WASHINGTON—Ian and Tonya Fitzpatrick, hosts of TRAVEL’N ON, a D.C. travel radio show, were at the opening of this season's Shen Yun Performing Arts in Washington on Tuesday evening. The special invitation-only performance at the Kennedy Center Opera House enthralled the couple.
Mrs. Fitzpatrick spent her first year of law school in Shanghai and has traveled back there many times. She has worked as a federal defense contractor in the U.S. Department of Homeland Security, a deputy assistant secretary in the U.S. Department of Education, and a senior executive in another federal agency. Currently, she is executive producer and co-host of TRAVEL'N ON.
“The artistry was wonderful. … The tradition and the beauty and grace and the energy, it was wonderful, absolutely wonderful; I could watch it again tomorrow night," she said upon watching the show.
“I think the art history, and the creativity and the energy, the beauty—it’s phenomenal; I’m speechless. It’s so beautiful; it made me cry many times.”
The spirituality stood out the most for her.
“I loved the dances that focused on the spirituality and the humanity of people and the goodness and the redemption. I think that’s what really touched my heart. But I loved, because I’m a water baby, I loved the water dance and the costumes and just the artistry, the creativity—creating a water fall, water flowing—with a fan and scarf. It was gorgeous.”
Mrs. Fitzpatrick was enraptured by the entire show. When asked what her favorite performance was, she replied, “It’s like asking me what’s my favorite country; I love to travel and so I don’t have a favorite country and honestly every single dance was absolutely gorgeous.
“If I had to pick a favorite segment, I would say it was the segment with the erhu. Oh, loved that instrument, one of my favorites as a former cellist. It’s very close to the cello in richness and sound … but every single dance segment was gorgeous. It really touched me and it made me cry. It was beautiful.”
Erhu is an instrument that's commonly known as the Chinese violin. It can produce an array of tunes just with two strings.
She said that the erhu brought tears to her eyes.
“Beautiful things make me cry, and it was very, very beautiful, very rich.”
Mr. Fitzpatrick was an assistant state's attorney, special assistant city solicitor for Baltimore, MD and was assigned to the Department of Housing and Community Development. He also worked in private practice as a business lawyer. He is now co-host with Mrs. Fitzpatrick and chief strategist for a media company.
Like his wife, he found Shen Yun to be an amazing experience.
“I think the show was extraordinary and a fantastic display of Chinese culture, dance, music, and just a wonderful performance. For me I never experienced that before, first hand, so it was a first time experience, and it was a wonderful experience.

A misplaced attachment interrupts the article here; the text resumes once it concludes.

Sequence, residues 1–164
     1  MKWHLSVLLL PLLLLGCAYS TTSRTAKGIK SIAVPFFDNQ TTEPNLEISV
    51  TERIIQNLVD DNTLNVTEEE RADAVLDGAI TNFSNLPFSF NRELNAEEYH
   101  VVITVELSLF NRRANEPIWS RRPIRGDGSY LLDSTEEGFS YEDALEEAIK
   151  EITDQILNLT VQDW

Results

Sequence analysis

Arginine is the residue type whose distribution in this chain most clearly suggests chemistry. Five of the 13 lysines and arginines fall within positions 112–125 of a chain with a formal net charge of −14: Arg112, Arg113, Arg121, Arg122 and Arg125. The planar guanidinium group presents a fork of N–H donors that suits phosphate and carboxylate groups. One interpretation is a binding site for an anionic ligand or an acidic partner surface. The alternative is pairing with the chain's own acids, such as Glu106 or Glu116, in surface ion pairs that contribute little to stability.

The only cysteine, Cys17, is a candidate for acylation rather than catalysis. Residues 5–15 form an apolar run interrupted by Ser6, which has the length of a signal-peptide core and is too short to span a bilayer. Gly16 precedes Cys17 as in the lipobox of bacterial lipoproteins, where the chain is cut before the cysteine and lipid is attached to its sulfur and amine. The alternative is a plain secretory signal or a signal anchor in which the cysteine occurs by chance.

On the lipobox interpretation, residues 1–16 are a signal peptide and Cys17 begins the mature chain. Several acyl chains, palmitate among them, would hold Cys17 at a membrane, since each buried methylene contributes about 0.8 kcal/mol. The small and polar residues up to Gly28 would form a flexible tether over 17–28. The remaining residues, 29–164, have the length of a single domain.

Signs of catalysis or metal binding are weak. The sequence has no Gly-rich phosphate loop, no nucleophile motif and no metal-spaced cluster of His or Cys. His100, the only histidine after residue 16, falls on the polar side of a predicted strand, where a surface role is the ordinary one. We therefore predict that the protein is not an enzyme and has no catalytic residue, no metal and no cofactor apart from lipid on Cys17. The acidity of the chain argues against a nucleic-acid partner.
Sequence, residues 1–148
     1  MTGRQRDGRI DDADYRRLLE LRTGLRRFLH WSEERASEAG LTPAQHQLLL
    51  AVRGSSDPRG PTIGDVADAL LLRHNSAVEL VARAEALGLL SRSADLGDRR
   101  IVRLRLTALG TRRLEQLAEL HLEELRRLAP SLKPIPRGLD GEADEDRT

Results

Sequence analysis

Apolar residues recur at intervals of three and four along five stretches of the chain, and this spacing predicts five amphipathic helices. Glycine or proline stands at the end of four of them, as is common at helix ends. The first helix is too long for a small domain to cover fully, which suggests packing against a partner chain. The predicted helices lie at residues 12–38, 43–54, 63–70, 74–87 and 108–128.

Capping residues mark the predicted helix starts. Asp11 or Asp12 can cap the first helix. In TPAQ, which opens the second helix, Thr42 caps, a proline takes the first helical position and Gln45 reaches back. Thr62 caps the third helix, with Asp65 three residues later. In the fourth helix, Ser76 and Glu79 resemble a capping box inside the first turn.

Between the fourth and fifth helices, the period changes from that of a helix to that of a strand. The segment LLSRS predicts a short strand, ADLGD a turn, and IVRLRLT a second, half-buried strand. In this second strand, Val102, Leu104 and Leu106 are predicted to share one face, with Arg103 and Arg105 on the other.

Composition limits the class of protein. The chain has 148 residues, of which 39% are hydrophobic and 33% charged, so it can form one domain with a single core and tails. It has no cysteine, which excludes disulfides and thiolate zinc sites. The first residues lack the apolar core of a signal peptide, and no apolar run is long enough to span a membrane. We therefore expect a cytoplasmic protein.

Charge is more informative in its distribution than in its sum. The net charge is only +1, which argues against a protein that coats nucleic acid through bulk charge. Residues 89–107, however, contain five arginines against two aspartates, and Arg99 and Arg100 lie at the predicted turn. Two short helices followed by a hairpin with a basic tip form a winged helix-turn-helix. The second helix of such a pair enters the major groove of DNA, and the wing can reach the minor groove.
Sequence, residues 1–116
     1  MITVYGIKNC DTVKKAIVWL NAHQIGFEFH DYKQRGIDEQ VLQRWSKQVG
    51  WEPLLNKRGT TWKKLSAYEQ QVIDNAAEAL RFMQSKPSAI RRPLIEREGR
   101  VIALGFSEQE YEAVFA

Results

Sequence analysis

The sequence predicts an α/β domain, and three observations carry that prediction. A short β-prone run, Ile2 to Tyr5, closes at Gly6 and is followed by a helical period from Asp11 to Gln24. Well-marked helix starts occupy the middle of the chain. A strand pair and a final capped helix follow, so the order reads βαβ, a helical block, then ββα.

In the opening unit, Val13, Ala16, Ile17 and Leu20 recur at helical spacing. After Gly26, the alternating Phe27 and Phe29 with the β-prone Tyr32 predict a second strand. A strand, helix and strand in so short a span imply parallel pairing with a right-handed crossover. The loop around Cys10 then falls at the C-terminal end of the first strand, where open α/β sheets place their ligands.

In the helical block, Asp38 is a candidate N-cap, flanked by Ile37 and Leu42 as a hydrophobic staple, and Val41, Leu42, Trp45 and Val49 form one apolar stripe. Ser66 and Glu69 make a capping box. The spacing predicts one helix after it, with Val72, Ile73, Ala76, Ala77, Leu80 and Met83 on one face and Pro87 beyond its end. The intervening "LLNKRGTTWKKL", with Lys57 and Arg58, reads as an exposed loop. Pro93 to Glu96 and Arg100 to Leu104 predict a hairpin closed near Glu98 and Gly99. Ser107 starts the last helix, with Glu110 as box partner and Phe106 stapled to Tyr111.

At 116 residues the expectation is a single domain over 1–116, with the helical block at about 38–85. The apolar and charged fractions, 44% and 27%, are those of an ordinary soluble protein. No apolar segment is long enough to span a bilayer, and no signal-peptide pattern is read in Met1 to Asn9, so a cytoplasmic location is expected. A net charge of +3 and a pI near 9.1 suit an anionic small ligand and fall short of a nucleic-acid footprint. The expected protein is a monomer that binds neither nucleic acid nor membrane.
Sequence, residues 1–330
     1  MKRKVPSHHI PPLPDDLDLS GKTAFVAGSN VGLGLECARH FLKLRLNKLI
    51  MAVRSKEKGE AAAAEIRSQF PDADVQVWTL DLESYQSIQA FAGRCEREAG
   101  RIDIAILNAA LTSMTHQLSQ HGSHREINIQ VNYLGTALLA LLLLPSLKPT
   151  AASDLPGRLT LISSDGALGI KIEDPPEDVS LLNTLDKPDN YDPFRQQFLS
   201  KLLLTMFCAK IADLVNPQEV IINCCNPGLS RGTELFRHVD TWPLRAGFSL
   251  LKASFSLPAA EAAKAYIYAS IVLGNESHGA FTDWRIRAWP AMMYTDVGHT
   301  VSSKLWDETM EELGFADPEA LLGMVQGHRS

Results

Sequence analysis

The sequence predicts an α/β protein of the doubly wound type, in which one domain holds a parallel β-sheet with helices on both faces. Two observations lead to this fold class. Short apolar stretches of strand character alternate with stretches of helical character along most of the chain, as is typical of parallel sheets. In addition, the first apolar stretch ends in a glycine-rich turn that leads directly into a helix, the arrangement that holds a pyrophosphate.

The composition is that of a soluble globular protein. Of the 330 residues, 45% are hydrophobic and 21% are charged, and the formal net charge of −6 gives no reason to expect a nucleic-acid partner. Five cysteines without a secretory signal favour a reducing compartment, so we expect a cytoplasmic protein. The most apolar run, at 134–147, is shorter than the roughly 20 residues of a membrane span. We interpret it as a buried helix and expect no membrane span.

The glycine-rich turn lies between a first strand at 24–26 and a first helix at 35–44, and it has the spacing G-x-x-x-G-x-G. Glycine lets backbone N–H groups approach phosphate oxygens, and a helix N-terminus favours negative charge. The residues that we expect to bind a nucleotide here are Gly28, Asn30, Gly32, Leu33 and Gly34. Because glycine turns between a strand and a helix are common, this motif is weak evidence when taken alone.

“One of the things that we like to do is to promote global citizenship, and cross-cultural understanding, and so getting time when cultures can come together, that’s all a good thing.
“Just having that exposure, seeing a part of Chinese culture, understanding some of the religious as well as spiritual underpinnings of the culture, and seeing how that speaks to so much in our cultures as [to] whether it’s your own religious or social perspective, its always a good thing, and you can see a lot of the universal ties there, and that’s all a great thing even though that’s a culture that’s 5,000 years old,” he commented.
Mr. Fitzpatrick appreciated many aspects of Shen Yun but was particularly moved by the spiritual messages of hope, tolerance, and compassion.
“Some of the visual elements in which folks, perished and then were taken to heaven, so to speak, I think there is a clear perspective of Judeo-Christian experience, in the west, so that was interesting even though that’s Buddhism; but there is universality there, that I appreciate.”
Mr. Fitzpatrick also appreciated the artistry of Shen Yun. “I thought the artistry was fantastic, and you see so many different elements.”
After seeing Shen Yun, Mr. Fitzpatrick felt that he had a better understanding of how traditional Chinese culture has impacted our current society. He explained, “You know, there is really [never a thing] that’s new. It's always a kind of "reinventionism;" it’s being done before, and so, clearly, you know, the Chinese have inspired a whole realm of things whether its dance or language and so forth.”
When asked if the couple would come to the company’s new production next year, Mrs. Fitzpatrick agreed.
“Absolutely, absolutely. In fact, I told some of the organizers that we would love to be a local media sponsor for the dance program next year,” she said.
Leigh Smith contributed to this article.
After staging one VIP show and six public shows at the Kennedy Center from August 25 to 30, Shen Yun Performing Arts will return to the venue with completely new programs from January 20 to 24, 2010.
The Epoch Times is a proud sponsor of the Shen Yun Performing Arts 2009 World Tour. For more information please visit ShenYunPerformingArts.org